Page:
Like most women in Houston, Texas, you may not know what a fibroid is. You may have heard the term before, but the chances are good that you don’t know what it means. A fibroid is a tumor that grows in the uterus. While they can be cancerous, most are benign-that is, they are not cancerous. There are several different types of fibroids, and each one is treated differently. Here’s a look at some of the more common types of fibroids and how an expert can manage fibroids in Houston, TX.

Intramural Fibroids

Many women discover they have intramural fibroids when they experience heavy bleeding during their menstrual cycle. They may also notice that their cramping is more severe than usual or that their periods are lasting longer. 

An abdominal ultrasound can easily detect the presence of an intramural fibroid, and since this type of tumor grows within the uterine wall, it cannot be operated on. Once diagnosed, this type of fibroid can be well-monitored through regular ultrasounds or with a handheld Doppler ultrasound device.

Submucosal Fibroids

Submucosal fibroids are tumors that form on the outside of the uterus. They can be challenging to detect without pelvic ultrasound, but they often cause bleeding and pain during your menstrual period. If you have chronic pain, particularly in your lower back or abdomen, you should visit your doctor right away to rule out the possibility that you have a submucosal fibroid.

Subserosal Fibroids

Subserosal fibroids are located on the outside of your uterus. They develop in the tissue that separates the uterus from other organs in the abdominal cavity. This type of tumor may press against surrounding organs, resulting in pain and discomfort in your abdomen or back. Since the tumor is located outside the uterus, it can be counter-intuitive to doctors who don’t understand its location.

Pedunculated Fibroids

Pedunculated fibroids are tumors that begin as the same type of tissue that forms the uterine lining. The tumors grow larger and eventually sprout a stalky structure with tiny branches (i.e., they become pedunculated-meaning stalked). It makes this tumor different from others; you can move it around on the surface of your uterus.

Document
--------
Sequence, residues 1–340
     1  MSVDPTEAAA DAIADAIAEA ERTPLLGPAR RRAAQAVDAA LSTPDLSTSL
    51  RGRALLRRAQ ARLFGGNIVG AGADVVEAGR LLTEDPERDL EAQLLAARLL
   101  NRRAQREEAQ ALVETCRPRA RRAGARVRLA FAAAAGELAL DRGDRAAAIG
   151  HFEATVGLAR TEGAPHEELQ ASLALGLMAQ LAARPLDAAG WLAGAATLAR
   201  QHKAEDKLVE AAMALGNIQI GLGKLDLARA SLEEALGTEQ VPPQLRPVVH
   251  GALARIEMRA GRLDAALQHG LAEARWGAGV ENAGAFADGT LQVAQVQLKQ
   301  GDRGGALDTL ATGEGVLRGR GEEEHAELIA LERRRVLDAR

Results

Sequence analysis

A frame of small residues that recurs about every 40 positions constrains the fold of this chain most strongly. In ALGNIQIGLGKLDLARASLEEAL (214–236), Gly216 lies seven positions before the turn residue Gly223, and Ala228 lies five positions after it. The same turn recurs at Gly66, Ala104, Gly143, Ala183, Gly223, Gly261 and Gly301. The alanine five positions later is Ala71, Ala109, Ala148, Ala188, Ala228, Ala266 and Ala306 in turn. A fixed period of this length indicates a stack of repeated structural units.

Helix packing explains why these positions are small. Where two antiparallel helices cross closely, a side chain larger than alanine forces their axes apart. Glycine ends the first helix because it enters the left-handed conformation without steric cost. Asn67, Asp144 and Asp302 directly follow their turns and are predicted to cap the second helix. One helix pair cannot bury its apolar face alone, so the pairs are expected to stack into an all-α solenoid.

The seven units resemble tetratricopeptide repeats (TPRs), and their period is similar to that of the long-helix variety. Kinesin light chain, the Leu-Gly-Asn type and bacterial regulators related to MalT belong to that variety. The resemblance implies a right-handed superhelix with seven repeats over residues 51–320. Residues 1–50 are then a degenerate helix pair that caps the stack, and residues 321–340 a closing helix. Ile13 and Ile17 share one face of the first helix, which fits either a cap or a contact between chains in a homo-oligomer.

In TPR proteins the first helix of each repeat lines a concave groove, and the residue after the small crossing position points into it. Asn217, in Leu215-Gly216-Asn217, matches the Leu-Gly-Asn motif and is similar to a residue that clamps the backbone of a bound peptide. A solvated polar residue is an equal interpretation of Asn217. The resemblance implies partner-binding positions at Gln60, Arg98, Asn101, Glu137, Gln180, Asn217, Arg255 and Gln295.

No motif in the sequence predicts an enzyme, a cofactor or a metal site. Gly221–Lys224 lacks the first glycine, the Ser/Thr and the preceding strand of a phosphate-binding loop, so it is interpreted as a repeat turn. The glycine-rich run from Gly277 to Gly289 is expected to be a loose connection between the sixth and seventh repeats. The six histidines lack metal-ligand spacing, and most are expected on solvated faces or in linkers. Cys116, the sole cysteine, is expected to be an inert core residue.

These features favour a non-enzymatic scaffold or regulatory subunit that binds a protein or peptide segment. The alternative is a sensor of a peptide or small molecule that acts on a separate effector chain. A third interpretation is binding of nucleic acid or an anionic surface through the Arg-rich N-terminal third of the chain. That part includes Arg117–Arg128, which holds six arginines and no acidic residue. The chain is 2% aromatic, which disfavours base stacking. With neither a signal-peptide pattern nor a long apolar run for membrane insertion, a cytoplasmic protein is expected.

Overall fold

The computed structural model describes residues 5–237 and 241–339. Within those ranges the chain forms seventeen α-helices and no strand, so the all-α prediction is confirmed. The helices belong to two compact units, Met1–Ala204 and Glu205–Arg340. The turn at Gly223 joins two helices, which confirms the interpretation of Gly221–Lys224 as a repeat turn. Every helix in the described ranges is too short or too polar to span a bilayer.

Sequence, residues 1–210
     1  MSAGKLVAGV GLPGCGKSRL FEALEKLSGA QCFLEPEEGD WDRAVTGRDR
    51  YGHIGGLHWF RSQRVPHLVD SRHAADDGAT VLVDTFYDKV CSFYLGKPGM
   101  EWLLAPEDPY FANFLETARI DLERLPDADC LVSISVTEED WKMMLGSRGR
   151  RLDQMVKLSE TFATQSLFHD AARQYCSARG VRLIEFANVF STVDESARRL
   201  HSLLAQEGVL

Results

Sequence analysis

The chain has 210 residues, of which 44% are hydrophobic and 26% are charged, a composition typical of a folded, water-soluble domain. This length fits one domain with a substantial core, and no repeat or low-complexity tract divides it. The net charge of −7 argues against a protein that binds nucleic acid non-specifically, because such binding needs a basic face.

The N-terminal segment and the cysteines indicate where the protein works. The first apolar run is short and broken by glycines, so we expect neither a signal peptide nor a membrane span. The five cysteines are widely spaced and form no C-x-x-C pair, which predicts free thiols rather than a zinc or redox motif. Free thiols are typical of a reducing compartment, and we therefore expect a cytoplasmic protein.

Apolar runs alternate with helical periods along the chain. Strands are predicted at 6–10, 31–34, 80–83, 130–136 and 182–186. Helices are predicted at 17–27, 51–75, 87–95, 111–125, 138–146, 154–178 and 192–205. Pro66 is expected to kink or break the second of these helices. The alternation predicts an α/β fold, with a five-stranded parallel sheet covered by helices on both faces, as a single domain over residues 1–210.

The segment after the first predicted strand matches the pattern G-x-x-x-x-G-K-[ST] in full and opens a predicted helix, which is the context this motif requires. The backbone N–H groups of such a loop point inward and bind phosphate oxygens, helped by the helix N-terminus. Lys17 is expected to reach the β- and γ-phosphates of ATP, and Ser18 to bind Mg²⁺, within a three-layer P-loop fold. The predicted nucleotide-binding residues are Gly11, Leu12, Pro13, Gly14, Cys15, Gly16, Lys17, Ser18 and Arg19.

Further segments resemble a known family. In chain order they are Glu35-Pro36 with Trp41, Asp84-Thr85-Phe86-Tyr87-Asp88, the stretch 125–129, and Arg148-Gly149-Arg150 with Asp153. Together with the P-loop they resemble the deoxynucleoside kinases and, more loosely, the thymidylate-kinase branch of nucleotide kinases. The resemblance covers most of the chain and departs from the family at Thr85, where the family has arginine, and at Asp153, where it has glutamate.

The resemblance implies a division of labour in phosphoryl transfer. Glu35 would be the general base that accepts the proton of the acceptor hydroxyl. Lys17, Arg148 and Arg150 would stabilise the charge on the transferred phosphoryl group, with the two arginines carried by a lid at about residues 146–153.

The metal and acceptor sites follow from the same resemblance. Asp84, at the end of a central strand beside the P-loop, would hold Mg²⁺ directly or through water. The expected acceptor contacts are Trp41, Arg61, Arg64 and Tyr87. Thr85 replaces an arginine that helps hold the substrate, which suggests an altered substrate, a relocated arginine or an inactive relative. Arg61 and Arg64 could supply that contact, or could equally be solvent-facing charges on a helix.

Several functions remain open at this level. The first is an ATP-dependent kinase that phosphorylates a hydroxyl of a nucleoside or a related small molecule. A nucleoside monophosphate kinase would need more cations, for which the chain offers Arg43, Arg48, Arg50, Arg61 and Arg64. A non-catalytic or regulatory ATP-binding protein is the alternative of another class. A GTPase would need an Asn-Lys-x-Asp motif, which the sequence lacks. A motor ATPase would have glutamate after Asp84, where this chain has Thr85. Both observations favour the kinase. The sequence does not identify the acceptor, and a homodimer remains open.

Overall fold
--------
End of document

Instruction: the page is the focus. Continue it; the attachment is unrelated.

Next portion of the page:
An interventional radiologist can remove a pedunculated fibroid with thermal ablation or by cutting off its stalk, which will stop the growth of the tumor. A hysterectomy is not always required to treat uterine tumors, but it may be recommended if you are experiencing pain or you are suffering from other severe symptoms. 

If you believe that you may have a uterine tumor, visit your primary care physician for an initial evaluation and discuss the best treatment option for you. Even if your doctor does recommend a hysterectomy, it is always best to verify this recommendation with your interventional radiologist before making any final decisions about your care.

Since many types of fibroids can grow in the uterus, an interventional radiologist is often called upon to help diagnose and treat them. They may use a handheld Doppler ultrasound device or pelvic ultrasound technology to determine if you have intramural or submucosal tumors, which cannot be operated on with the surgery. If your doctor recommends a hysterectomy as the best treatment option, it’s always best to verify this recommendation with your interventional radiologist before making any final decisions about your care.

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